Salim Mangrue inside his Nissan.

The acoustics of the bridge brings together an audience of people entranced by the bass. A community is formed and a party rages until the early morning.

Nathan Phillips Square was transformed into a small town centre of shipping containers and signs during Nuit Blanche this year. This art installation focused on bringing global injustices to the public attention through the use of art. Out of these exhibits some stood out from the rest.

Best of Monument to the Century of Revolutions

Cosmic Melanin: Enter The Loop

Entrance to The Loop.

Enter the Loop was a 12-hour event that featured music, performances and visual arts, focused around the goal of giving local artists a platform to perform on and breaking down the stigma around urban artists.

For 12 hours local urban artists such as Tee Ferguson and Above Top Secret performed for festival goers. The performances focused around issues such as inner city living and the bad reputation that is sometimes linked to it.

Postcapitalist Propaganda

Crowd gathered around Post-Capitalist Propaganda.

More now than ever people are worried about the fall of capitalism and what that could mean for the country. Tough Guy Mountain puts on an art installation that focuses on inequality in our modern society, covering issues such as racism, sexism and misogyny.

Focusing heavily on the art side with some interactive art videos to express their point, Tough Guy Mountain aims to show the viewers what they call the hideous truth about capitalism. Showing how sexism and racism are focal points that parts of society are built on and how they need to change. This feature ends with talk about how society would end if people would put their creed second to others.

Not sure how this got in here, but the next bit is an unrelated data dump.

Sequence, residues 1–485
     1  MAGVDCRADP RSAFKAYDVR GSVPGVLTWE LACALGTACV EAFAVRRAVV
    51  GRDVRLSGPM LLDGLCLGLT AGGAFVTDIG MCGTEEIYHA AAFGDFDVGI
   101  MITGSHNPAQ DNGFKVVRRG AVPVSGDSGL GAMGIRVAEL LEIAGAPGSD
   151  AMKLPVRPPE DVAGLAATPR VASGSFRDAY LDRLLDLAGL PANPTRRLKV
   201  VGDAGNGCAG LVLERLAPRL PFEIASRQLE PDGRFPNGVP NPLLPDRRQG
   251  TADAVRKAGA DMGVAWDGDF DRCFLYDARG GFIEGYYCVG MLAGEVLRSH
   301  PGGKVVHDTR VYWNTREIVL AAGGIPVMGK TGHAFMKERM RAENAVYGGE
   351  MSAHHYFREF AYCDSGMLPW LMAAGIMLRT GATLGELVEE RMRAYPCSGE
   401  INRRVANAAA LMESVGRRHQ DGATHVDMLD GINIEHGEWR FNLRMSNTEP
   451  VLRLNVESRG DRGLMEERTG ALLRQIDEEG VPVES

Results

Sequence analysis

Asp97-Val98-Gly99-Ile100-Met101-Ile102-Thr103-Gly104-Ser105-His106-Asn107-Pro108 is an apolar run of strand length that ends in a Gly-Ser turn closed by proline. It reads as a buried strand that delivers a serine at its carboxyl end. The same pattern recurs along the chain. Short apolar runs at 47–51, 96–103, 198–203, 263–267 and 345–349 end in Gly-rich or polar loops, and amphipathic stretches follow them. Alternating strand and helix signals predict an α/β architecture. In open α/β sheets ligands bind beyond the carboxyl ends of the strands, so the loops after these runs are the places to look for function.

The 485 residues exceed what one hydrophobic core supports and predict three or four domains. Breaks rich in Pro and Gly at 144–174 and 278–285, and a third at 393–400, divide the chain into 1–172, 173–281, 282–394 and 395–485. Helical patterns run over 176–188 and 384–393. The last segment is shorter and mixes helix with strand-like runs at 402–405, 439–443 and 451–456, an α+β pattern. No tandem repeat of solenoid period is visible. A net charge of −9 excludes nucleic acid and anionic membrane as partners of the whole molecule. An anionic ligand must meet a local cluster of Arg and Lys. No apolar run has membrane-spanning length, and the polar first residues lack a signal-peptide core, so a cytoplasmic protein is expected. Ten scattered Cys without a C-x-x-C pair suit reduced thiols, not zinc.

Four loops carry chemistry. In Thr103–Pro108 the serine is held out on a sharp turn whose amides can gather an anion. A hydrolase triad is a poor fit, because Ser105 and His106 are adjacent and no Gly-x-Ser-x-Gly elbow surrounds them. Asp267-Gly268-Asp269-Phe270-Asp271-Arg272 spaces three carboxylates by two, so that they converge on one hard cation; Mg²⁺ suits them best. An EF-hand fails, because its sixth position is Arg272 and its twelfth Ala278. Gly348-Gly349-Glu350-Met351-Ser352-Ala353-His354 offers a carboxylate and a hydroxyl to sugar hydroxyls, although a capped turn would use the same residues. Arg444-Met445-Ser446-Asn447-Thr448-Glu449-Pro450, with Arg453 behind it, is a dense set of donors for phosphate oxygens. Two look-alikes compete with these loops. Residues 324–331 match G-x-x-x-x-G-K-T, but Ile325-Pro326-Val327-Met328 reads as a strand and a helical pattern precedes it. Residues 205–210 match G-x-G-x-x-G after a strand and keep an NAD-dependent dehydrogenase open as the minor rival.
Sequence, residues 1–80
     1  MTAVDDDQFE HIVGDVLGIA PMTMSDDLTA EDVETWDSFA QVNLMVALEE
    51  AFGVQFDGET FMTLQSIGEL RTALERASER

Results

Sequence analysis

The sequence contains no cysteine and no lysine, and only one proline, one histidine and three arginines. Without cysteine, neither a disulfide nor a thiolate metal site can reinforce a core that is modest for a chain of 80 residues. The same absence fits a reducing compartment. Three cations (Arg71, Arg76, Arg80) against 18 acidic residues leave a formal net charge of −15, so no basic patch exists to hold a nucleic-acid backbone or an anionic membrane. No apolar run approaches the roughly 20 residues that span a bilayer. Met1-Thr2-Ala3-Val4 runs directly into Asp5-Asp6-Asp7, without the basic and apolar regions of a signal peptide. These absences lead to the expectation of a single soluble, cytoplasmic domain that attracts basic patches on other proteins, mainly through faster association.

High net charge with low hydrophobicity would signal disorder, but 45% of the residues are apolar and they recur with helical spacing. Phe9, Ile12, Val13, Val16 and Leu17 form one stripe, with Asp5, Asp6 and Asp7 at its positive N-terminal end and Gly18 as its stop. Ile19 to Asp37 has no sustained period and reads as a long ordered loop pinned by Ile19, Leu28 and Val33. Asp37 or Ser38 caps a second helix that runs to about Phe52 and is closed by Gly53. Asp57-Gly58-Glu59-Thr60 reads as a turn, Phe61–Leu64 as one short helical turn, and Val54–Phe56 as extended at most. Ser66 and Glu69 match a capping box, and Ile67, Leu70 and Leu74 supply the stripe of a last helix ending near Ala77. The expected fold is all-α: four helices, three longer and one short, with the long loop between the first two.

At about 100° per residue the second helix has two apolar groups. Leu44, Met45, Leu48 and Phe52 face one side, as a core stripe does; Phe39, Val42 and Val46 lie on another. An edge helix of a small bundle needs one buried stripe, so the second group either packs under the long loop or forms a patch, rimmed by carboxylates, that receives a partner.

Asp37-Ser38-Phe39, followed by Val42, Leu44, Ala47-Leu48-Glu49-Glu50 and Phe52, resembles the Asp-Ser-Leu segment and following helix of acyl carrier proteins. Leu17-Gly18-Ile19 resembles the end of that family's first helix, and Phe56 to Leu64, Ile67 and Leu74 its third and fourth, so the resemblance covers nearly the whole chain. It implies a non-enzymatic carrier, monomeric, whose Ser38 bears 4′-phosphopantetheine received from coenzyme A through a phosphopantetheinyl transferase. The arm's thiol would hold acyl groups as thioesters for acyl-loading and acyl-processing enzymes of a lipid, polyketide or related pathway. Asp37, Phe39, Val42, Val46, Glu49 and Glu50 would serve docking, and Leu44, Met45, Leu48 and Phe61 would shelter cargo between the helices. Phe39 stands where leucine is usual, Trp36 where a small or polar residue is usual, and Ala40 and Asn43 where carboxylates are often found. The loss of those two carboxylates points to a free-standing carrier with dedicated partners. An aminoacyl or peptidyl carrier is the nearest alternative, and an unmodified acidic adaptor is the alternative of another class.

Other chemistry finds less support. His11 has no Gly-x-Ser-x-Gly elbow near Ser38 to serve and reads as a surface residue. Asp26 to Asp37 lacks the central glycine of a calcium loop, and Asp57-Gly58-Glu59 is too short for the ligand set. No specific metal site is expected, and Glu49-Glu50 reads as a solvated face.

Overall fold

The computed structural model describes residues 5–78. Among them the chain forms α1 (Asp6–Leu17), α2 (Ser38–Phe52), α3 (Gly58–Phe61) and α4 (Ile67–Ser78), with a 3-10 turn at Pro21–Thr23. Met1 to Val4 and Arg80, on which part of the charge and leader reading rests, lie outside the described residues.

Colour Revolutions

A few symbols from Colour Revolutions.

Throughout history revolutions have taken on symbols to represent their revolution, this art installation showed those symbols alongside the revolution they were used in . While showing the various symbolism other revolutions carried with them, this feature also gave information surrounding the revolutions.

With the information given about these revolutions was information on what changed in the society’s following the revolutions. This information was used to show how the masses can promote change and the effects it may have.

While more simple in nature than many of the other features this one was important to the installation as a whole. Being placed as soon as you walk into Nathan Phillips Square and showing you what all the other features are about.

Cuban Revolution, 1959. Patria o Muerte

“Homeland or death, We will win.”

The artist shows the infamous Cuban revolution in the 50’s through unique art and perspective through the use of art and items from the time. This art feature shows Fidel Castro and Ernesto Guevara both as prominent figures in the Cuban Revolution while focusing on the lesser known Guevara and how he was influential to the cause, from being a Guerrilla war expert, author and revolutionary.

This installation had various large artistic signs up expressing things such as “power to the people,” and “homeland or death, we will win.”

Both Queen’s Park and Nathan Phillips Square were highlights of this years Nuit Blanche, with a large focus on the community and coming together.

About Dragan Maricic 0 Articles
20 something making his way in the world of arts and journalism. A true music and arts junkie.